The following facts and procedural history are relevant to this appeal. On December 14, 2006, William J. Ruttkamp executed a promissory note, pursuant to which he promised to pay to the order of Accredited Home Lenders, Inc. (Accredited), the principal sum of $333, 000. The note was secured by a mortgage, executed by William J. Ruttkamp and the defendant, on real property located at 510 McVeagh Road in Westbrook, in favor of Mortgage Electronic Registration, Inc., as nominee for Accredited. The note and mortgage were ultimately assigned to the plaintiff by virtue of an assignment dated December 30, 2009, and recorded on January 12, 2010. Beginning on August 1, 2009, and every month thereafter, William J. Ruttkamp failed to make monthly payments due pursuant to the note. As a result, the plaintiff commenced this foreclosure action in February, 2010. The initial complaint alleged that the plaintiff was a Delaware corporation. On April 26, 2010, the defendant filed a motion to dismiss for lack of subject matter jurisdiction, claiming that the plaintiff brought the action in its trade name only. On November 8, 2010, the court denied the motion to dismiss, reasoning that there was no evidence before it that the plaintiff's name was a trade name.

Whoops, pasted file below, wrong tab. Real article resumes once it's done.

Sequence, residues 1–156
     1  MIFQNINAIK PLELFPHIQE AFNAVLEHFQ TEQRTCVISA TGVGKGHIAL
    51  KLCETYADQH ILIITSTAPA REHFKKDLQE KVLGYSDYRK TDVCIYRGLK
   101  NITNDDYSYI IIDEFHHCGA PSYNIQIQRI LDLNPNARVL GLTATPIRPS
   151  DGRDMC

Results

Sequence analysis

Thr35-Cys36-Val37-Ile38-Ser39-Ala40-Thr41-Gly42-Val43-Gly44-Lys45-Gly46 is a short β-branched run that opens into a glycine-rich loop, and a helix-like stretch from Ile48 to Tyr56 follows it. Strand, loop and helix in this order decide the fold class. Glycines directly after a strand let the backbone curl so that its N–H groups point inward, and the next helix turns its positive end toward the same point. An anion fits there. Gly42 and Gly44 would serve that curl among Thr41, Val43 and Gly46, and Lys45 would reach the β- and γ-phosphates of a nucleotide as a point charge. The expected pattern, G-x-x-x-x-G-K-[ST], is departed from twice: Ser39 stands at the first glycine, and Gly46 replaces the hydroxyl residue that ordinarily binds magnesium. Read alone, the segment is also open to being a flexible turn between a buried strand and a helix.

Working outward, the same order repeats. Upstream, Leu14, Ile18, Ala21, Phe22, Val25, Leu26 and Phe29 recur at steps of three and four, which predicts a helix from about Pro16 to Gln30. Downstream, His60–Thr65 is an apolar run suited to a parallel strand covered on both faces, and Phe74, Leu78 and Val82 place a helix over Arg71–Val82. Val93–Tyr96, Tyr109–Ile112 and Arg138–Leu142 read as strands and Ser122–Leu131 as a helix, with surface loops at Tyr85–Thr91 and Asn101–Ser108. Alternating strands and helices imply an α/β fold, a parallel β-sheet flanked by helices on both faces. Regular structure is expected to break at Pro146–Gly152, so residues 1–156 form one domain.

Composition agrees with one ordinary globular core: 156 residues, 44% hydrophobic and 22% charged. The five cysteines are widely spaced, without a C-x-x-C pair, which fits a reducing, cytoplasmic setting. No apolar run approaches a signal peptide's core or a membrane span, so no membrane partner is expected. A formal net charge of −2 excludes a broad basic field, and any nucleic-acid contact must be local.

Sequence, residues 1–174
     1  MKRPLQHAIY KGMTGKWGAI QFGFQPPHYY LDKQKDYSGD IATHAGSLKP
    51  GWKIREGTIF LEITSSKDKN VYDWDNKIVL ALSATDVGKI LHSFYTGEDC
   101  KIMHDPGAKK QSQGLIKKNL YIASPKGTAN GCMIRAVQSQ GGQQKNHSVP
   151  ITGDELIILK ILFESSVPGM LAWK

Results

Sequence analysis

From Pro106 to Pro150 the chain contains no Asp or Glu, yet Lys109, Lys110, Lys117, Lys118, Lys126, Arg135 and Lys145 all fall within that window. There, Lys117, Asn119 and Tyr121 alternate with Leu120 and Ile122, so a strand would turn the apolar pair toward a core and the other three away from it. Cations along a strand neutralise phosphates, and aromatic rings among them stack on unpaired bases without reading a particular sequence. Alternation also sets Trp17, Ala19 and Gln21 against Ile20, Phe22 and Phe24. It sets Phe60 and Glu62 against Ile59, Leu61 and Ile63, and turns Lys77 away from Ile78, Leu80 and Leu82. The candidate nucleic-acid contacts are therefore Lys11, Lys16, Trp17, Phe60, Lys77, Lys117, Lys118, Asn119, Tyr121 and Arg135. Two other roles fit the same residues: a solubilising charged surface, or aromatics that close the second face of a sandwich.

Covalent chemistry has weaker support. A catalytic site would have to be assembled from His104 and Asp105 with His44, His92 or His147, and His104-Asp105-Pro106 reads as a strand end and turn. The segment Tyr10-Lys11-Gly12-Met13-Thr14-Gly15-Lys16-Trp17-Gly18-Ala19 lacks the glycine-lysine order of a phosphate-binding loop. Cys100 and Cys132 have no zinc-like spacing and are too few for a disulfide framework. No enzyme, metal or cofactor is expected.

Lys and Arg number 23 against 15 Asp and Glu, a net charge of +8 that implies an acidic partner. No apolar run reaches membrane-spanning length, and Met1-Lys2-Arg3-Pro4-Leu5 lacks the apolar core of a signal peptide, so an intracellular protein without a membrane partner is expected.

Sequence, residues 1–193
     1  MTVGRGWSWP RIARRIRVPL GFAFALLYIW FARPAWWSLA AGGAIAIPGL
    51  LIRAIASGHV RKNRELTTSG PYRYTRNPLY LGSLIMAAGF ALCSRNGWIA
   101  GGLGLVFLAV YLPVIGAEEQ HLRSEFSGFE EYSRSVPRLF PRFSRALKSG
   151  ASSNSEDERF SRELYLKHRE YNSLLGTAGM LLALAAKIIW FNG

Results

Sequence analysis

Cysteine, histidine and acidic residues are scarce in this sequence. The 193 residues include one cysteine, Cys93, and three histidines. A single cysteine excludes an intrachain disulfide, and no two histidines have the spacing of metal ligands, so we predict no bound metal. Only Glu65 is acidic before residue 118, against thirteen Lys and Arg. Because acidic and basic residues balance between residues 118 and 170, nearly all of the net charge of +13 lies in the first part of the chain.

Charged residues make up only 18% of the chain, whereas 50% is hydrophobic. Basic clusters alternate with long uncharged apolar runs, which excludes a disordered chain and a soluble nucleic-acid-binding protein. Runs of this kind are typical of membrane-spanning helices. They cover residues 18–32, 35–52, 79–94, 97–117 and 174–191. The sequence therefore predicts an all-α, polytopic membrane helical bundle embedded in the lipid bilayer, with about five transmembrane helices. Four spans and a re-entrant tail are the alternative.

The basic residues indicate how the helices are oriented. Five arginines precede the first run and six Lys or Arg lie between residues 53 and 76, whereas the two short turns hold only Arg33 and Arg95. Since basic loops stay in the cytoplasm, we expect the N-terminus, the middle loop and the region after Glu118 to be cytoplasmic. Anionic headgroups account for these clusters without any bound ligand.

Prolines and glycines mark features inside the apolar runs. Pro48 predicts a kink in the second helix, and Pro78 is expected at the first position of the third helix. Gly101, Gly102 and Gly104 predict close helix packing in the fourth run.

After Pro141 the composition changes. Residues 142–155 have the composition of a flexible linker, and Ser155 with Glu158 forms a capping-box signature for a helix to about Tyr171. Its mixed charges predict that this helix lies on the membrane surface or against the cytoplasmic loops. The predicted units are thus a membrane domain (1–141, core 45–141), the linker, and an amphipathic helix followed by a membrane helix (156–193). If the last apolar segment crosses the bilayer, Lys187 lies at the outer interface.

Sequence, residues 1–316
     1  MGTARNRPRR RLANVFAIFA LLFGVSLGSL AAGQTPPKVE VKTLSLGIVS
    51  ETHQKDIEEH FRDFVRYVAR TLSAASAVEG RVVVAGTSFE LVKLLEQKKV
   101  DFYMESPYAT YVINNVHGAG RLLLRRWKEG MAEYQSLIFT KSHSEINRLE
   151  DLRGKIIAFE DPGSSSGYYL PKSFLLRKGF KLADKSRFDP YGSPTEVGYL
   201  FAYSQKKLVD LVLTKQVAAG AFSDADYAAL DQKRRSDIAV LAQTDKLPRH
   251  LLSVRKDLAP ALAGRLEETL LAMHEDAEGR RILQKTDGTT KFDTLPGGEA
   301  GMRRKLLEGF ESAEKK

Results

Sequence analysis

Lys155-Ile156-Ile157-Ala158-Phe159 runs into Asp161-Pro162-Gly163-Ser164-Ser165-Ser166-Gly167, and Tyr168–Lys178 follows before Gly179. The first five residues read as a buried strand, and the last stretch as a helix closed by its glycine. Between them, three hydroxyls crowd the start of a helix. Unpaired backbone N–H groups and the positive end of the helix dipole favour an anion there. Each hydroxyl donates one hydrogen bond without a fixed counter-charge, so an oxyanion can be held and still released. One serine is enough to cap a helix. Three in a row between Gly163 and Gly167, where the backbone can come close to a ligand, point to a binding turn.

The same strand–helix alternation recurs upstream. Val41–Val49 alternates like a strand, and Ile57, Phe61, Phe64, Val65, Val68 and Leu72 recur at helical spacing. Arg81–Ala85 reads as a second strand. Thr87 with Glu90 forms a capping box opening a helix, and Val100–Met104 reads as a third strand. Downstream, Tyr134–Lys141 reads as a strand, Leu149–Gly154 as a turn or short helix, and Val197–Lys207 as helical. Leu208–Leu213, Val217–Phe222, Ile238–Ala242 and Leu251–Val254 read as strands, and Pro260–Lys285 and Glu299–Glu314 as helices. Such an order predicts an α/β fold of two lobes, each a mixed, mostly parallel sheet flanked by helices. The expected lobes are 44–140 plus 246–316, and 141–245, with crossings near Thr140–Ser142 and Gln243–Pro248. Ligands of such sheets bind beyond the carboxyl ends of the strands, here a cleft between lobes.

On May 6, 2011, the plaintiff filed a motion for summary judgment directed to the defendant as to liability only. In its memorandum of law in support thereof, the plaintiff stated: ‘‘The Bank of New York Mellon is the corporate brand of The Bank of New York Mellon Corporation and may also be used as a generic term to reference the corporation as a whole or its various subsidiaries.'' On October 26, 2011, the defendant filed an answer and special defenses, as well as an objection and memorandum of law in opposition to the plaintiff's motion for summary judgment. In both filings, the defendant claimed that the plaintiff lacked standing because, although the plaintiff alleged in its complaint that ‘‘it is a corporation duly authorized and validly existing under the laws of the State of Delaware, '' the Delaware Division of Corporations had no record of registration for any entity known as ‘‘The Bank of New York Mellon, '' while having a record of registration for an entity known as ‘‘The Bank of New York Mellon Corporation.'' On February 27, 2012, the court denied the plaintiff's motion for summary judgment and concluded that, because the plaintiff brought this action under its corporate brand name and a brand name has no legal capacity to sue, the plaintiff had no standing. Thus, the court concluded that it lacked subject matter jurisdiction and dismissed the action.